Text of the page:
Dorr Bothwell: Acrylic Transfer & Laserprint
Acrylic transfer is a process Dorr Bothwell used in the 1980s, to create durable elements for her collages, and mixed media paintings, like the Southwest Portal series.
Clear acrylic medium is applied over a collage element, an image printed on paper (from a magazine, for example). When dry, the flexible acrylic is separated from the paper, lifting the image, which is then pasted into the composition, again using clear acrylic medium.
Acrylic transfer offered the flexibility of found-image paper collage with the archival durability of acrylic.
Circa 1990 Bothwell moved from acrylic transfer to acrylic ink laserprints of collage elements.
Laserprints, which provide even more vivid images than acrylic transfer, are more UV light resistant than watercolors or ink jet prints which include giclées. On acid free paper, laser prints are superior to giclées in durability.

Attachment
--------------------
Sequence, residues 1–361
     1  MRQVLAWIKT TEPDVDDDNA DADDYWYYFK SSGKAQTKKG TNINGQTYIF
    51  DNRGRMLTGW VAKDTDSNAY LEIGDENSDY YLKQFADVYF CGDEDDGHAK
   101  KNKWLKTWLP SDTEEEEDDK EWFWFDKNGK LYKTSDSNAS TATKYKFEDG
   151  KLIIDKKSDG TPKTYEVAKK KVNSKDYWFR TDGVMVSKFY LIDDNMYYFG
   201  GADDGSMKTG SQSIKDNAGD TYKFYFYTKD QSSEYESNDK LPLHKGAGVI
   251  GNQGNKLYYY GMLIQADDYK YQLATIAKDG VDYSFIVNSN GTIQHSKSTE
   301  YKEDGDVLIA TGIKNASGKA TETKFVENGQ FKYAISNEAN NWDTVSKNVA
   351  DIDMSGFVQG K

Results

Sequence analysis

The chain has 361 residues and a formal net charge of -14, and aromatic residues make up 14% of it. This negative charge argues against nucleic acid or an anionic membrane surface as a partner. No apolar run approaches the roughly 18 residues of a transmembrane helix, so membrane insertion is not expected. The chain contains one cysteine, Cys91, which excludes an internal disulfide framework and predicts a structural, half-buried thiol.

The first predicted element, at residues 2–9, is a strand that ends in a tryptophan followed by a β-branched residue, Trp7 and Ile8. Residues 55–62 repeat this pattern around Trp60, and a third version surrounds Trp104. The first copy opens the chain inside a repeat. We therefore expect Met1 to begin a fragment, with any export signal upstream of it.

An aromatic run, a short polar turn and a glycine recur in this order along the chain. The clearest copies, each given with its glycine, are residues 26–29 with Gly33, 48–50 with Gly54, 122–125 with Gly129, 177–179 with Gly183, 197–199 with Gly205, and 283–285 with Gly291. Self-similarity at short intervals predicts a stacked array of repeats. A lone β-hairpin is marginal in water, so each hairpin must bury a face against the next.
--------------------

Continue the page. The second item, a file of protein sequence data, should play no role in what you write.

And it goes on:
Bothwell, who pioneered serigraphy as fine art , considered laserprinting the next reproduction process to bring into the mainstream as a fine art medium. The mixed media pieces in Bothwell’s 1994 Tau/Tao show at Gallery Mendocino are, almost all, largely collaged laserprint images.
Unfortunately Bothwell was in her 90s, and losing her sight, so her laserprint experiments were cut short. Tau/Tao was Dorr Bothwell’s last exhibit of new work.
Dorr Bothwell & Howard Clark
Here Bothwell consults about laserprints with Copy Quick owner Howard Clark who, she said, was the most skilled printing collaborator she had worked with.